FOR PITY’S SAKE, GO BLOW YOUR NOSE

It is a truism that the way people speak becomes a matter of habitual acceptance by those in their communities upon whose ears the speech falls. PJ O’ Rourke (whose work you really should read) once described, cruelly, but accurately and hilariously, the Liverpool accent as the sound of a goose being buggered by a car horn. The adenoids with which all scousers are born are huge, and no sound gets past them without sounding like … see above. But we Brits are used to it, and it bothers us not, or not much.

But something genetically upsetting has happened to American females of all ages, almost all of whom produce high pitched adenoidal honking which makes Liverpule speech positively pleasant by comparison. Just listen next time a Yankee or Southern Belle are trying to convey meaning to you on radio or TV. To start with, they have all apparently developed excessively shortened vocal chords, the length of which dictates how high- or low-pitched speech emerges. Females have shorter chords than males. Choirboys’ chords have not yet lengthened to male dimensions.

But with so many American females, that shortness has become even shorter, so their voices are just below screech level. Now add to that the curious matter of the intrusive adenoids which give those voices an extra edge of unpleasantness.  Sometimes it sounds as though the speaker is making noises that come out of the top of her head, through a very small hole and a deposit of molasses.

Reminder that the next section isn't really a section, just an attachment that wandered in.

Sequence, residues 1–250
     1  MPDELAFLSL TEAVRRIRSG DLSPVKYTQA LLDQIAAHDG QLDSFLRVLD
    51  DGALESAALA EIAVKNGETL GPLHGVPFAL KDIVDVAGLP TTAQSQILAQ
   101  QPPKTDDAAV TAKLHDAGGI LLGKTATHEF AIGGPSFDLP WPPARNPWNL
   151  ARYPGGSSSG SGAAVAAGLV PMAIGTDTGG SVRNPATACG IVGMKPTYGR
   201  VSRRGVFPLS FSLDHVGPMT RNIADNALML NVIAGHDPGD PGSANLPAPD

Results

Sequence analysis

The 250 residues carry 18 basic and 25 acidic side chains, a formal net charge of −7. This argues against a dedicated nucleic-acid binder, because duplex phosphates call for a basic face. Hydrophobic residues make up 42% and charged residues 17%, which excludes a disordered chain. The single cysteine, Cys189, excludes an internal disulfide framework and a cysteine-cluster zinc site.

It is impossible to replicate the adenoidal American female in the written word. The best I can do is offer an example: The word “and” is pronounced by such people as yee-end. But listen for it (you won’t have to wait very long) and you’ll hear. In fact, if you happened to be watching the One Show on Beeb1 on Monday 12th March this year, you will have been treated, if that the right word, to perfect examples. I recognised Oprah Winfrey and enjoyed listening to her talking about a film in which she has played a part. Voice, normal. Accent, acceptable American. Not a honk to be heard. But alongside her were two other American gals, one white, the other not so much, also involved in the film, and whose names I did not catch. What I did catch was appalling adenoidal honking in stereo. So bad, that however much I was enjoying watching and listening to Ms Winfrey, I turned the TV off.

What I was hearing from the two adenoidal gals was, I think, phneee nyeee bleeee screeee yeeend mneeeee greeeee phneeee. Impossible.

I have no idea how this affliction could be cured other than a mass American female adenoidectomy. Failing that, as I explained above, I spring athletically towards my TV remote or the radio off-button and banish them to the world of honking screech whence they came.

But here’s a double mystery. First, this problem seems to be confined to the younger American female (under 30, say). Why? And second, American men of any age do not seem to be similarly afflicted. Why not?